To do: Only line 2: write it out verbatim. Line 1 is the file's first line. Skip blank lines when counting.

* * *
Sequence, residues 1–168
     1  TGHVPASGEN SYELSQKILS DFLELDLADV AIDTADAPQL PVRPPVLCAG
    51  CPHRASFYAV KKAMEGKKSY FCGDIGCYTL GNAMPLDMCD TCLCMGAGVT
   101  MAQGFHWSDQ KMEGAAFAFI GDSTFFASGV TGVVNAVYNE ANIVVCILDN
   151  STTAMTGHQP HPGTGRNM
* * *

     1  TGHVPASGEN SYELSQKILS DFLELDLADV AIDTADAPQL PVRPPVLCAG